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Ad showing woman avoid sexual assault by using make-up remover withdrawn after it causes outrage online

·5 min read

A Chinese company's video advertisement for women's make-up remover wipes has been panned by online critics, leading the company to withdraw it and issue two apologies.

Purcotton, owned by Winner Medical Co. released the video last week on Douyin, the Chinese version of TikTok, showing a young woman scaring off a would-be attacker with her naked, make-up-free face after using the cleansing wipes.

The 26-second ad was pulled after online users denounced it for "demonising" female sexual assault victims.

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The offending ad showed a young woman walking down a street at night and being followed by a masked man. As the stalker gets closer, the woman pulls out a cleansing wipe to quickly remove her make-up and "scare off" the would-be assailant with her naked face.

A still from the Purcotton video ad shows a woman pulling out a cotton make-up removal pad as a masked man pursues her. alt=A still from the Purcotton video ad shows a woman pulling out a cotton make-up removal pad as a masked man pursues her.

As he grabs her from behind, she turns to show him her now make-up-free face, which causes the visibly disgusted attacker to flee.

Within a short time of it appearing on social media sites, the company was forced to pull the ad after a severe online whipping from outraged internet users. They condemned the ad for victim-shaming women by insinuating that they were to blame for attacks by beautifying themselves through using make-up.

Others described the ad as offensive because it suggested that without make-up, women were not attractive to men.

"How can you make fun of a woman being followed late at night?" wrote one user on Weibo, China's Twitter.

"The woman is not at fault here, it's the offender who wants to commit a crime," another said.

A still from the video shows the woman having removed her make-up. The premise of hte Purcotton ad was strongly attacked online in China. alt=A still from the video shows the woman having removed her make-up. The premise of hte Purcotton ad was strongly attacked online in China.

Internet site China Girls' Information, operated by the Chinese-government-affiliated All-China Girls' Federation, told news website The Unfold Times the ad "demonised the sufferer".

"[It's] stuffed with prejudice, malice, and ignorance," a spokesperson wrote on social media.

The video is no longer available on the company's social media pages.

The company apologised, and initially defended the ad in a post on Weibo, saying it took an artistic approach that attempted to show the wipes' "cleansing ability". Later, Purcotton pulled the ad and issued a second public apology.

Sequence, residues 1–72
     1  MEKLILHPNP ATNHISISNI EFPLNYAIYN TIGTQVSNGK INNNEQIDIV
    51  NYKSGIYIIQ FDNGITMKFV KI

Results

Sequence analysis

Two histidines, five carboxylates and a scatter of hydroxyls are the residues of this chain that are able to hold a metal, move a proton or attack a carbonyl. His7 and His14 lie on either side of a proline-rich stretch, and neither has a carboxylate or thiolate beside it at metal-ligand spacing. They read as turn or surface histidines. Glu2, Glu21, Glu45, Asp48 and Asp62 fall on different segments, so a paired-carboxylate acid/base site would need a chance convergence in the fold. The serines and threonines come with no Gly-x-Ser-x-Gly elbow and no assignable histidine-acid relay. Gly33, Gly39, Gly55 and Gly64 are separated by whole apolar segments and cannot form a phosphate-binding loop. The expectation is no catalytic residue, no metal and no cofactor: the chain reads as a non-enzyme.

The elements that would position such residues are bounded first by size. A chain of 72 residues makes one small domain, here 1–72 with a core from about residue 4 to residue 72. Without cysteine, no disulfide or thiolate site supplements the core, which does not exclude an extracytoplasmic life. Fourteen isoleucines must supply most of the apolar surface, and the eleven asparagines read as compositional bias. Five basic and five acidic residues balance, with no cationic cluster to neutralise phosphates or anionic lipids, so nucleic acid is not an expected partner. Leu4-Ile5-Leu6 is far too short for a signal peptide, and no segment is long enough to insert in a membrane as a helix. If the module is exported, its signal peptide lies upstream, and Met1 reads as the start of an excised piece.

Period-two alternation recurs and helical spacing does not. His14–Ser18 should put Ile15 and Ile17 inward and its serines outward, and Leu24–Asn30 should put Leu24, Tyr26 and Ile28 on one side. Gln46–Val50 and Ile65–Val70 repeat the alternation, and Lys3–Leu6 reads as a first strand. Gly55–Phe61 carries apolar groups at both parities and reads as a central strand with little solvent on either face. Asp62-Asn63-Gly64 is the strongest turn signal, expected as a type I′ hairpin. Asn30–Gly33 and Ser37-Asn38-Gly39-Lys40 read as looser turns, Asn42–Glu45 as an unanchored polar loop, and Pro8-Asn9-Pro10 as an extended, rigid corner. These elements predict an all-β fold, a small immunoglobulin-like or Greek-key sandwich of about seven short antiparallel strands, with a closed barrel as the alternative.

"We have allowed a video that did not follow our values to go online. We let you down and hurt your feelings. We deeply regret this and sincerely say 'We are sorry, we were wrong'," the company wrote.

The company said it would suspend dealings with the ad's producers, and launched an investigation to determine how the ad had been approved internally, to avoid further such incidents occurring.

A compilation of screenshots from the Purcotton video ad, which was withdrawn after strong protests online. alt=A compilation of screenshots from the Purcotton video ad, which was withdrawn after strong protests online.

The ferocious backlash against the video is emblematic of the extensive public protests recently in China against victim-blaming.

The prestigious Chinese Academy of Art, a fine arts university in Hangzhou, eastern China, came under fire in September for publishing a student safety handbook listing a number of things women should avoid to deter sexual assaults. These included putting too much of "a focus on looks and material enjoyment", "a beautiful appearance and frivolous lifestyle", and a "weak mind and inability to resist temptation".

A feminist blogger who prefers to go by her pen name of Shaoxi believes the insulting ad was the result of a lack of female voices in key leadership roles in China.

"In the past, we saw a lot of news where women were the victims, such as #MeToo cases, with lots of comments shaming women. Many commentators didn't even know the concept of 'victim blaming'," Shaoxi said.

Liu Jingyao, a Chinese student in Minnesota in the United States, learned how brutal online critics can be when she was victim-shamed countless times and accused of making false allegations after accusing Richard Liu Qiangdong, the founder of Chinese e-commerce giant JD.com, of rape in 2018.

The tech billionaire was released and, following an investigation, Hennepin County Attorney Mike Freeman declined to press charges. Liu Jingyao then sued Richard Liu. A hearing in the case is due on January 28.

Many people have rallied in support of the now 22-year-old student, including at a recent gathering in Minneapolis.

Shaoxi believes that more people are standing up for female victims.

"In the past, women weren't accustomed to speaking up on public and social issues, and they don't necessarily always have support," she said. "Now with the feminist movement [in China] becoming stronger, more women are brave enough to speak up."

"We have all had enough of victim blaming."

This article originally appeared in the South China Morning Post (SCMP), the most authoritative voice reporting on China and Asia for more than a century. For more SCMP stories, please explore the SCMP app or visit the SCMP's Facebook and Twitter pages. Copyright © 2021 South China Morning Post Publishers Ltd. All rights reserved.

Copyright (c) 2021. South China Morning Post Publishers Ltd. All rights reserved.